Fall Welcome Sign – Tutorial

All the projects I’ve attempted lately have taken longer than I thought they would. This one is no exception. It isn’t hard, but it takes a few steps. Also, this project has infinite possibilities. I’ll give you a list of the materials I used, but I’d encourage you to scrounge around and use whatever you have laying around.

Materials:

Plank of wood – 1 used a 5/8″ thick piece of plywood I had on hand
Sandpaper
Paint in four fall colors – I mixed to get what I needed but basically I used brown, red, orange and yellow
Twine
Letter stencils (you can make your own!)
Stencil bonding spray
Antique glaze (optional)

Tools:

Jigsaw (or get Home Depot to cut for you)
Power drill

Step 1:
Mark and cut the plywood into 7 squares. (mine are 4 1/2″ inch squares)

You may have guessed from my previous post this week that I was just a little bit excited to finally learn to use my jigsaw. It was easy peasy to cut up the wood with the jigsaw!!

After handsawing one tiny little boat (with the help of two big strong boys), I’m totally in awe of people from ages past like Pa Ingalls from Little House on the Prairie that built houses with just a few hand tools!! Actually, incredulous might be a better word!

Step 2:

Drill a hole in the top center and the bottom center of each square, about 1/2 an inch from the top. Use a drill bit large enough to accommodate your twine folded in half but small enough that if you knot your twine, it won’t go through the hole.

Step 3:
Roughly sand the squares so you don’t get splinters in your fingers. This is supposed to look rustic so don’t spend huge amounts of time sanding.

Step 4:
Paint your squares. I wanted to alternate colors, so I painted 2 oranges, 2 reds and 3 browns. You can use any color combination you want! You probably want to allow these to dry overnight so your stencils won’t stick to them. I only used one coat of paint on each square.

Feel free to mix your paint colors to achieve the look you want. The only orange I had on hand was too bright for fall, so I mixed some yellow acrylic paint (Basics brand Cadmium Yellow Deep Hue) with a free sample pot of paint from Lowes dyed to Pantone Bossa Nova.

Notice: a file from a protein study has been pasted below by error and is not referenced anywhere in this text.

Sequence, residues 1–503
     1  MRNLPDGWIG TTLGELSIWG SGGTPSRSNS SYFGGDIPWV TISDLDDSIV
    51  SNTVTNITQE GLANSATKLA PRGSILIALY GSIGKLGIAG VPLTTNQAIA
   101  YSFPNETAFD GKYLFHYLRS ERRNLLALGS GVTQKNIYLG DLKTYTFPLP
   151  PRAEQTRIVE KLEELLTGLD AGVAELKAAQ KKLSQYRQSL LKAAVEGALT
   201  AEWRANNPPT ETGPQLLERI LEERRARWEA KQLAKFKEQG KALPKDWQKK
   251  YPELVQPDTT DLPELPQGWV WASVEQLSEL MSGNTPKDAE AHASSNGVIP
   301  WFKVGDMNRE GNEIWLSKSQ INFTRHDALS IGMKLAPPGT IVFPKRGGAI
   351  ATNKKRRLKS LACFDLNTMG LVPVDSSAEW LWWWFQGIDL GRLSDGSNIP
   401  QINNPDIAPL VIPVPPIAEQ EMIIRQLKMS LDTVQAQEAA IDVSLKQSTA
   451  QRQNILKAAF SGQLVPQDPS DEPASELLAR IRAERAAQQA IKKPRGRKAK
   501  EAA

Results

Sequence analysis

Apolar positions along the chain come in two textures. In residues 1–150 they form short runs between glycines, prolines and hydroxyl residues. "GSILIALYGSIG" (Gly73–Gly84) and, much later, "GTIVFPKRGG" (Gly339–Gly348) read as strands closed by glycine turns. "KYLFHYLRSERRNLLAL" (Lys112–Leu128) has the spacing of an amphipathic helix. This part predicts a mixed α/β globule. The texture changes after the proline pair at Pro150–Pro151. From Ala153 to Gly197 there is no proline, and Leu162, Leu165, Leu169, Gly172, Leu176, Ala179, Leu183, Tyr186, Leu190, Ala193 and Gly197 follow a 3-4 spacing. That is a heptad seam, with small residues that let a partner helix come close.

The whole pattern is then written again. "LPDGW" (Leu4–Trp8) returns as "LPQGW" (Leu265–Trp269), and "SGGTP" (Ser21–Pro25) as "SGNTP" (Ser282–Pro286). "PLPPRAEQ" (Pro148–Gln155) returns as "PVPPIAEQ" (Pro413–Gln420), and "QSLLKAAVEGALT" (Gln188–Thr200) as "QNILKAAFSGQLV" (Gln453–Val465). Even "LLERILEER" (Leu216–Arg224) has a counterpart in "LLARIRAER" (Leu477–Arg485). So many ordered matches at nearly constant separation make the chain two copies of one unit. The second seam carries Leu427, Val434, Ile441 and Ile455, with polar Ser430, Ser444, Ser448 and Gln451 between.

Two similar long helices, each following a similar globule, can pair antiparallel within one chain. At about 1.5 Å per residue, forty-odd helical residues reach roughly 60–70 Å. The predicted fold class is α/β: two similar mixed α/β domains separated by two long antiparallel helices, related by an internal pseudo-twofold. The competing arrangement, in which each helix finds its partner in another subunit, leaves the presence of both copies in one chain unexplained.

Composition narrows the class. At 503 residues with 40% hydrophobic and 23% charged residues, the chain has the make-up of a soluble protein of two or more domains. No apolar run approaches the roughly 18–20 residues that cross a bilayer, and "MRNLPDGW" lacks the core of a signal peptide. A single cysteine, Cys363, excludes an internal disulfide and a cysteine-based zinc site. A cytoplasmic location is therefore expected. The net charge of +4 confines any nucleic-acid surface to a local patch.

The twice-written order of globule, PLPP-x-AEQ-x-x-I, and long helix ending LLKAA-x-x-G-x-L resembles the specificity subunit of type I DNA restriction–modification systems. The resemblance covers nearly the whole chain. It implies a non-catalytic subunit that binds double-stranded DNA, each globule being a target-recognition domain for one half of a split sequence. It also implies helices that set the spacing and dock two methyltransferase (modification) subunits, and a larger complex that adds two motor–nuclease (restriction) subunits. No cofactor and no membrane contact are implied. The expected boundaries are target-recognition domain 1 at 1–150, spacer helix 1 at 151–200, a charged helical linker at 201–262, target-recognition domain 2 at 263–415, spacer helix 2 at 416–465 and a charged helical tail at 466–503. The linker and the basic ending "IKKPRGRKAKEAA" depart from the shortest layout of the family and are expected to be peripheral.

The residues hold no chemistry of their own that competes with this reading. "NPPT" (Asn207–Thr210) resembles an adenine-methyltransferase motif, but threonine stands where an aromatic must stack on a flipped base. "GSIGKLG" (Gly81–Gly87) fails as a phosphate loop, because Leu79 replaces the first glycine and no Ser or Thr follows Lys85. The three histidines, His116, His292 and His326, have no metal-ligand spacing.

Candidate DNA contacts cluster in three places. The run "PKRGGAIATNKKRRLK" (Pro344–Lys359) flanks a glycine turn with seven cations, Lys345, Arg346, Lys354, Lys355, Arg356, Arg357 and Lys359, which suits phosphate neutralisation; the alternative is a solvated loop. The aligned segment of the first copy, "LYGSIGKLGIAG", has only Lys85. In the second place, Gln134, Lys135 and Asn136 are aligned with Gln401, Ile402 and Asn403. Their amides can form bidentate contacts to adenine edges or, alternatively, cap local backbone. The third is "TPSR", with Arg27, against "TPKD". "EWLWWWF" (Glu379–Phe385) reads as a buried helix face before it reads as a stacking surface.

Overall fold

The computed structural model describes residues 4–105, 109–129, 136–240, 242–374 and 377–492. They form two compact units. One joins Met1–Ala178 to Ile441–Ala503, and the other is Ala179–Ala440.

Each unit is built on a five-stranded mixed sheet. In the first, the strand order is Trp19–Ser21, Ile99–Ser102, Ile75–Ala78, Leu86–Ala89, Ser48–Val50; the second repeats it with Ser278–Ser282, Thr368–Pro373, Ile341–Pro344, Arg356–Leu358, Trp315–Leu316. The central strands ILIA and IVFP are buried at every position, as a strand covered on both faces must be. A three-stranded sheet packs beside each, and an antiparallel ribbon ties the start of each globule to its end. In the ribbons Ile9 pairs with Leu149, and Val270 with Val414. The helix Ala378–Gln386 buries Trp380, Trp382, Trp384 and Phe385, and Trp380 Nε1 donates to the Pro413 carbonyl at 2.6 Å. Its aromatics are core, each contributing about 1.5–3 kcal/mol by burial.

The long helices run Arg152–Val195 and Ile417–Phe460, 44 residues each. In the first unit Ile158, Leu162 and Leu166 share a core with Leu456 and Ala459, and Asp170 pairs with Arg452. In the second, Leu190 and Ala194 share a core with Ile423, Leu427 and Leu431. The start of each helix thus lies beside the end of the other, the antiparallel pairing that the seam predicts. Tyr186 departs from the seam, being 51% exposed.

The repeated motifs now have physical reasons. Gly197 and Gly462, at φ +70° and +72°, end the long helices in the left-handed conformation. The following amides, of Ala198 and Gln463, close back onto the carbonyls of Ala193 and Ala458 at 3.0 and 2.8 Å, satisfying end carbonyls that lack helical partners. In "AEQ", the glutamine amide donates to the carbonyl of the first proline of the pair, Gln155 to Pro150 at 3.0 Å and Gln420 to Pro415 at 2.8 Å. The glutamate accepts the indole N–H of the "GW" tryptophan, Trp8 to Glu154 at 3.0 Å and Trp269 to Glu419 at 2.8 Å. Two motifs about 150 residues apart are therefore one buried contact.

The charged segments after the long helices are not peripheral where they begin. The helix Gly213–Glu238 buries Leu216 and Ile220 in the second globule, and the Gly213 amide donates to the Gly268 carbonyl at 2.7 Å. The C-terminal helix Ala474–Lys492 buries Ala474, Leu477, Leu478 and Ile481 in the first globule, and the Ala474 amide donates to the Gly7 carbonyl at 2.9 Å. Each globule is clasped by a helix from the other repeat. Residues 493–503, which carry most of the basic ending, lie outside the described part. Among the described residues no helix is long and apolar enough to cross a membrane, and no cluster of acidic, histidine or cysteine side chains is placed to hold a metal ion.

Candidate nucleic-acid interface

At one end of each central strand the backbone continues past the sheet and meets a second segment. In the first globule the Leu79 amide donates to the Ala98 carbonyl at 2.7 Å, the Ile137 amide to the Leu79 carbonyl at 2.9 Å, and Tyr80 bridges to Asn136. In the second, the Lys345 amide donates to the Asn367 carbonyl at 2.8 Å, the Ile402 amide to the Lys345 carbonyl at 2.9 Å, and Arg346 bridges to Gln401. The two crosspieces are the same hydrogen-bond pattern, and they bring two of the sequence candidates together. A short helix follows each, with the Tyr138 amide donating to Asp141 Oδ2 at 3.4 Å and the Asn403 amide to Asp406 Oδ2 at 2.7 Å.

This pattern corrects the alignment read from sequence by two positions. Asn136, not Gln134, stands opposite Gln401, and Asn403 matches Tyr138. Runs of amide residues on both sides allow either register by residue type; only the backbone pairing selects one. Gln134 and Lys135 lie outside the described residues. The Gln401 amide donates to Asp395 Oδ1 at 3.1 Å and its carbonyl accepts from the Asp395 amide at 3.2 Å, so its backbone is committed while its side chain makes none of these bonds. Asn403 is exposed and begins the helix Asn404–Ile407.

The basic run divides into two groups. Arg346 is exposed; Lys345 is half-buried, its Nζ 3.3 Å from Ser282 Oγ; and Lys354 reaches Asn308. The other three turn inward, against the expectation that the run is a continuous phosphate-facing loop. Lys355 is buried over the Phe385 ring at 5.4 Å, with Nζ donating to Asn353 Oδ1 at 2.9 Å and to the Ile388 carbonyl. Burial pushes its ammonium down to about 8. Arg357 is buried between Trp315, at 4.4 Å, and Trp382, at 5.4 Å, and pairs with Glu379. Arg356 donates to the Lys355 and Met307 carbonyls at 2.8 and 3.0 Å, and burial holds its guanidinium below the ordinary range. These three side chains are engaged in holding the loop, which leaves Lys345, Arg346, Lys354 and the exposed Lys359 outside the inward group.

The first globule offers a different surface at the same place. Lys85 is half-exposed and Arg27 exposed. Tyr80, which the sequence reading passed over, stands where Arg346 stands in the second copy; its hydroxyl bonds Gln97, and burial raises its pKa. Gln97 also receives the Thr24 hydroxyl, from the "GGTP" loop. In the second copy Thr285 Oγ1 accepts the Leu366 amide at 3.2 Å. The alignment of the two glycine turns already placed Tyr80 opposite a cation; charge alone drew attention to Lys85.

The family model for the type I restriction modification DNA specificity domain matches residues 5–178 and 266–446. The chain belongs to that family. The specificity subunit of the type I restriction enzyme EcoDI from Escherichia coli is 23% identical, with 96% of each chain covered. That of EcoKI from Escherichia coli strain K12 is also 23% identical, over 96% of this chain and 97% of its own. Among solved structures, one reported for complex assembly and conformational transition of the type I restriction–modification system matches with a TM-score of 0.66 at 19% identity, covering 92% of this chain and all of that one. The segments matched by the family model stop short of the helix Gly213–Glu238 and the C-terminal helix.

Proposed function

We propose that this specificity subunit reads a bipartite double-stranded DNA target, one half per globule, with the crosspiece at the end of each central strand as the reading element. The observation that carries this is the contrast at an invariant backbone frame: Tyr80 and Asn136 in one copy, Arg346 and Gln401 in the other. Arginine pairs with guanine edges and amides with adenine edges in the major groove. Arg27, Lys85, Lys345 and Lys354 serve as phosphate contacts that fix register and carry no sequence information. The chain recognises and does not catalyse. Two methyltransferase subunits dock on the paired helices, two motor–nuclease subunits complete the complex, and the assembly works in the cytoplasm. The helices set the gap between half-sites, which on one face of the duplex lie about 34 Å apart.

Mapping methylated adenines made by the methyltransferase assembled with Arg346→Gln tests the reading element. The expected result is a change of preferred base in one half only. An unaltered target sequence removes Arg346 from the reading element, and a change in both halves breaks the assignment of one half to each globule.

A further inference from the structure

Step 5:
Stencil your letters onto your squares. You can hand paint you letter on if you wish. I just wanted the project to go a little faster so I made stencils (I realize that probably didn’t make things go faster!). I used a font called AR JULIAN and blew it up to 300. Each letter was printed on card stock and cut out with an X-Acto knife. I used Elmer’s bonding spray to adhere the stencils to the squares.

The best thing to do is spray a very light coat and wait five minutes before sticking it to the wood. Press it on very well around the edges of the letters to prevent bleeding. It should peel right off when you’re done. (Don’t wait for the paint to dry. Peel it off as soon as you finish painting.)

Step 6:
After the paint dries, distress the squares a bit with sandpaper.

Step 7:
This step is totally optional, but you can cover each square with antique glaze if you have some on hand. I painted it on and then wiped most of it off. It didn’t change much — just softened the brightness a bit.

Step 8:
Lay all of your squares out in a row and stretch your twine across them. Double the twine and give yourself a good 5 – 10 inches or more extra on each end for good measure.

Step 9:
With your twine folded in half, stick it down through the bottom hole of the bottom letter (from the top down because you want the twine to stretch across the back of each letter). Pull it nearly all the way through, leaving about 8 inches or so loose on the bottom. Make a knot right by the hole.

Now pull the twine up through the top hole of the same letter and knot.

Make another knot about 1 1/4″ from the previous knot and put the twine down through the bottom hole of the next letter.

Repeat until all the letters are strung and you have a loop at the top. I pulled my loop through the twine on the back of the top letter and tied an extra knot at the on the very top for a little extra durability.

Step 10:
Tie double knots on the loose pieces of twine at the bottom and hang your Welcome craft by the front door. I also took a double piece of twine and tied a bow at the top of the sign.

bow at top

And there you have it. A homemade rustic Welcome sign for your front porch or entryway.

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